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Quiet Bias


Never one to overstate the case…

As the elections across the water occupy our news media, I thought I would take a sideways look at two cornerstones of Western democracy – the jury-room and the voting booth.

I want to do so by looking at some recent research findings on the effect of anonymity on prejudice and bias in legal and electoral decision-making.

In both these processes, we rely on rational decision-making based on the objective analysis of evidence. But, we know that this is difficult to acheive.

In recent posts, we have seen (The Stranger in your Camp) that we are more likely to empathise with those who are like us, and blame the inherent guilt of strangers, when it comes to attributing intentionality and guilt (I Didn’t Mean to do that, Did I?).

Well, it turns out that we are even more likely to allow these prejudices to run riot if we are asked to make judgments in secrecy. This is as true of liberal altruists (Markey & Markey 2010) as it is of virulent racism directed towards the Obamas during the lead-up to the mid-term elections.

As we saw in yesterday’s post (What a piece of worke…), whether hiding in a crowd or hiding online, bigotry blooms in darkness. Sometimes, these are overt, conscious prejudices but, more often than we realise, our actions are guided by tacit and unconscious predisposition.

Lena Groeger’s (2010) discussion of the subliminal factors influencing voting behaviour lists:

  • Punishment Bias (whereby the voter goes into the voting booth wanting to teach the incumbent a lesson);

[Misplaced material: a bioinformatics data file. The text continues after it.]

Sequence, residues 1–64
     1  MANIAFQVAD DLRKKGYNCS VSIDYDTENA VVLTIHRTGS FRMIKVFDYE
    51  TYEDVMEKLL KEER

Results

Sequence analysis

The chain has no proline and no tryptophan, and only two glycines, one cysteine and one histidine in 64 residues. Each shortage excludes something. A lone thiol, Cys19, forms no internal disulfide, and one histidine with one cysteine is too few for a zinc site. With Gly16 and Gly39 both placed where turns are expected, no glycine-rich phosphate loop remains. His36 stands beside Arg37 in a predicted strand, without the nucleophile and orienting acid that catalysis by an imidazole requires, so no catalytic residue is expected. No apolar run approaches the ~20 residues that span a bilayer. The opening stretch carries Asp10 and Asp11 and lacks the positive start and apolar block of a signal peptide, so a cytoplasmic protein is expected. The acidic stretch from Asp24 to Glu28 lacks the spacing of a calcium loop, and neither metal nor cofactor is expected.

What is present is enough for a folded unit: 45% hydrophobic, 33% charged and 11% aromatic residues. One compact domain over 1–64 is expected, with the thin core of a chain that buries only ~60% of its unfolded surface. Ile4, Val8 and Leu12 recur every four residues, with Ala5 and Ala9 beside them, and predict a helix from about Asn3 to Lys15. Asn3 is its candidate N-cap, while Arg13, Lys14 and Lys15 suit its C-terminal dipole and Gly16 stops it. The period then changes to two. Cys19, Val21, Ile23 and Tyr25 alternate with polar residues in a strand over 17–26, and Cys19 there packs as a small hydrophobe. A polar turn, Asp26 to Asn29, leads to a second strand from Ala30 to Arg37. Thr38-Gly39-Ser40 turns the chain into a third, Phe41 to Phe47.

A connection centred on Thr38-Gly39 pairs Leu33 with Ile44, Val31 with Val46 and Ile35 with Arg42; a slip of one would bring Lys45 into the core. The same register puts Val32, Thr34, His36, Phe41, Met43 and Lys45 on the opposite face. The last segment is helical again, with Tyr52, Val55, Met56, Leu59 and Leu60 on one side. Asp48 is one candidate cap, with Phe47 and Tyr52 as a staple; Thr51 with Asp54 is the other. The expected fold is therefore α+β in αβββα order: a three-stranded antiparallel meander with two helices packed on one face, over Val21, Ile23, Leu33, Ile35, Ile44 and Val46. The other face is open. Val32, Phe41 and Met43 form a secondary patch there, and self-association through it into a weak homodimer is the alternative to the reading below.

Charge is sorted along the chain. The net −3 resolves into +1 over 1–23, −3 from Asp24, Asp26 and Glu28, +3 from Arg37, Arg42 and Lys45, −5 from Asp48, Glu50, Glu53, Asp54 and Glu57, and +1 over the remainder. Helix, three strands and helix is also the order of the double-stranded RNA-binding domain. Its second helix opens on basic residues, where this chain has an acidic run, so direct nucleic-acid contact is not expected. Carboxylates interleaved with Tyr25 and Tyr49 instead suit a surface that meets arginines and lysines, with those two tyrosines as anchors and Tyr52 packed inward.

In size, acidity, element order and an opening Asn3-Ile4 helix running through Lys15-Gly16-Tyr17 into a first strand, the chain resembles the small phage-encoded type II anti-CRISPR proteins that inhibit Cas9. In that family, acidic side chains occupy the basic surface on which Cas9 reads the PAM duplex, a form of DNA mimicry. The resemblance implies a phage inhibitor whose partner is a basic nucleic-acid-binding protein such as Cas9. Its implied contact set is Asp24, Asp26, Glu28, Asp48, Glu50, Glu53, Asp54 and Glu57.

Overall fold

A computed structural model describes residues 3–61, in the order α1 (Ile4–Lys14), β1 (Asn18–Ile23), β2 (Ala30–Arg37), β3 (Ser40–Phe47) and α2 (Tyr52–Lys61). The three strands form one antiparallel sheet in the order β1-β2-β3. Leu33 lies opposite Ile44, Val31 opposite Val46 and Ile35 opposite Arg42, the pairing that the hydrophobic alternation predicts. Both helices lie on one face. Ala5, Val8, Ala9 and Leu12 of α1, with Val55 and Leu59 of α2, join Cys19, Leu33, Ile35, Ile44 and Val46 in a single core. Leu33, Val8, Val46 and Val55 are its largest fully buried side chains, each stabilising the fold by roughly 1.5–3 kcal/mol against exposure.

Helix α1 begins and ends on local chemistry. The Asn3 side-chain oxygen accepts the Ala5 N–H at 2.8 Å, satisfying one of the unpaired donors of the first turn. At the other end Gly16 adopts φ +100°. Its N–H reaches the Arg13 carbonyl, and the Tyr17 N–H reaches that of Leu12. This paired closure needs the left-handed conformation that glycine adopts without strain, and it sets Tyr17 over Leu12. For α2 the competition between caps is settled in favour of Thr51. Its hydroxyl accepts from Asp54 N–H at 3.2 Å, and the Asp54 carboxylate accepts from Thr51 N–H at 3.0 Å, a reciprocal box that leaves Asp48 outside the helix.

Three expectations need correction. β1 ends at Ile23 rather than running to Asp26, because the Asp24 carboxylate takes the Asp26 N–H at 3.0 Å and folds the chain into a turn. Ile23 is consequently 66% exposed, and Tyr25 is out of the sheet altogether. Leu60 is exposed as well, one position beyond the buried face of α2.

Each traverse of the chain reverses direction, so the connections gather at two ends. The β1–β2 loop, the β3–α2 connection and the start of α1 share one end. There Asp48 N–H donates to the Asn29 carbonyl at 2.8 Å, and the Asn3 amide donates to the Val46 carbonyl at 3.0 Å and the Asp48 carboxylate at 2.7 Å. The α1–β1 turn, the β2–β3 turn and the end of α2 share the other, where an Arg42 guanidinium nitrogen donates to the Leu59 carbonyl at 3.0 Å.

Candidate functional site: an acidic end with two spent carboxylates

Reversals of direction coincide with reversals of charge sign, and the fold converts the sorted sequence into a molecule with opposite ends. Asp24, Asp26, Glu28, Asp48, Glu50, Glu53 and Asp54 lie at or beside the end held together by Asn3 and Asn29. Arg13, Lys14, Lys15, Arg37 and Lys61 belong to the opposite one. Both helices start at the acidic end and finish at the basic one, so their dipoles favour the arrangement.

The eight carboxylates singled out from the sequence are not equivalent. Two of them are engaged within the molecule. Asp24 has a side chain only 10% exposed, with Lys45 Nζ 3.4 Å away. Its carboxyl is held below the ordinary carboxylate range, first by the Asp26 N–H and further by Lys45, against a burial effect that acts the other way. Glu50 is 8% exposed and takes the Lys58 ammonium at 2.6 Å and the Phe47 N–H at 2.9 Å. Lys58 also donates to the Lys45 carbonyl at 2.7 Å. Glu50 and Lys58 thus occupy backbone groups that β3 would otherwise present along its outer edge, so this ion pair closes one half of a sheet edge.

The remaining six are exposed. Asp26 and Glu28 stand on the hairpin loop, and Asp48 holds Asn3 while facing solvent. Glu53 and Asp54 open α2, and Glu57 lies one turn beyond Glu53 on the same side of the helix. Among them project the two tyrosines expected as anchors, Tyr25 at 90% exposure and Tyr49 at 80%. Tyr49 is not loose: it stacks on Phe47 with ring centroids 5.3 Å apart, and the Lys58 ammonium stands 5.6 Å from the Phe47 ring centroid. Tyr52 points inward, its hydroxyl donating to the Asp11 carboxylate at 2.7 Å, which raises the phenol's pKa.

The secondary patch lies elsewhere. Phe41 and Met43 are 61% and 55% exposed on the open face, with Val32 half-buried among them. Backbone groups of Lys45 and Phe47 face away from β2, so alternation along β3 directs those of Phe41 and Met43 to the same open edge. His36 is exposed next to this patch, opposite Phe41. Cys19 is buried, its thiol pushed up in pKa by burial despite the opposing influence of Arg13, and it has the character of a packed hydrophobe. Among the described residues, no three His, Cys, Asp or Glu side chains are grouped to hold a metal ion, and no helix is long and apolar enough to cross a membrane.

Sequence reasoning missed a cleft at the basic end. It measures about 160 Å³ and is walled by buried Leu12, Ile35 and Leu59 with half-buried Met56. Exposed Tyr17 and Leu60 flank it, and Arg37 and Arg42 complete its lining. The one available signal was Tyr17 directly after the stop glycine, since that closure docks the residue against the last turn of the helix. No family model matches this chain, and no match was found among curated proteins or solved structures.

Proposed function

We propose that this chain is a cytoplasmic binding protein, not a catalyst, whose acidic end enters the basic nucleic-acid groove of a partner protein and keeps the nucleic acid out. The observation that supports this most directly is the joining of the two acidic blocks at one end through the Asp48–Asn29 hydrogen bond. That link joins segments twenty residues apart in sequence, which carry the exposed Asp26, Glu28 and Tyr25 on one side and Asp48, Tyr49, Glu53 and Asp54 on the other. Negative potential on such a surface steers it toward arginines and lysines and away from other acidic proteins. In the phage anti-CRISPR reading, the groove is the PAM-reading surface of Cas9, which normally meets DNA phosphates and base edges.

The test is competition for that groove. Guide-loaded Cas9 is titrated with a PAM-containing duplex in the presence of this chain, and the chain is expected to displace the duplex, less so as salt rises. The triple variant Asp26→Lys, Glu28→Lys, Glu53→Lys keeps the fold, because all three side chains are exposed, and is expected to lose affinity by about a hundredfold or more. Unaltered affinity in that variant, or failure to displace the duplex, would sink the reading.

• Action Bias (the voter votes for something to happen – a change because they are tired of the status quo);
  • First Listing Bias (like it or not, the person with their name first on the ballot sheet gets more votes than the others);
  • Pessimistic Bias (the voter bases their choice on an overly negative estimation of economic conditions).

Understanding similar quiet biases are also key to lawyers getting a positive result for their clients in a jury trial, because juries will tend to acquit those who they feel are most like them – whether in terms of faith / ethnicity or sharing membership of another in-group.

So, we cannot expect all those politicians we suspect of being corrupt or morally bankrupt to be convicted or thrown-out. The rule is – we will vote out those who are seen to be  from a weak out-group if they falter, no matter how brilliant or morally upright, and we will re-elect those we see as ‘one of us’ – no matter (almost) what they get up to.

It is also why defendants are more likely to be advised to self-identify as Muslim or gay than as an atheist – at least in the United States.  Prejudice against atheists can be considerable, in spite of the fact that such people are likely to be highly educated independent thinkers and achievers.

“This group doesn’t agree at all with my vision of American society.” Egdell et al (2006)

In an article earlier this year, Satoshi Kanazawa (2010) analysed how higher intelligence and educational achievement linked to atheism and liberal ideals. But, in voting booth and  jury room alike, there is a tendency to see liberal intellectuals as outsiders and untrustworthy.

These are venues for decisions which are central to liberal democracy. We assume that such decisions are taken by rational people, based on clear evidence and objective logic. Clearly that is not the whole story.

We often say that politicians face a ‘verdict’ from the electorate. This legal analogy may be more accurate than we think. Maybe, indeed, the jury has been fixed and it is time to open both processes up, so that this quiet bias can fade away in the light of day.


Egdell, P., Gerteis, J. and Hartman, D. (2006). Atheists as “other”: Moral boundaries and cultural membership in American society. American Sociological Review, 71(211-234).

Groeger L (2010); The Brain in the Voting Booth – How hidden biases influence our vote; 27.10.10;

Kanazawa S (2010);  Liberals and Atheists Are More Intelligent; Social Psychology Quarterly; 16.02.10

Markey, P., & Markey, C. (2010). Changes in pornography-seeking behaviors following political elections: an examination of the challenge hypothesis; Evolution and Human Behavior, 31 (6), 442-446

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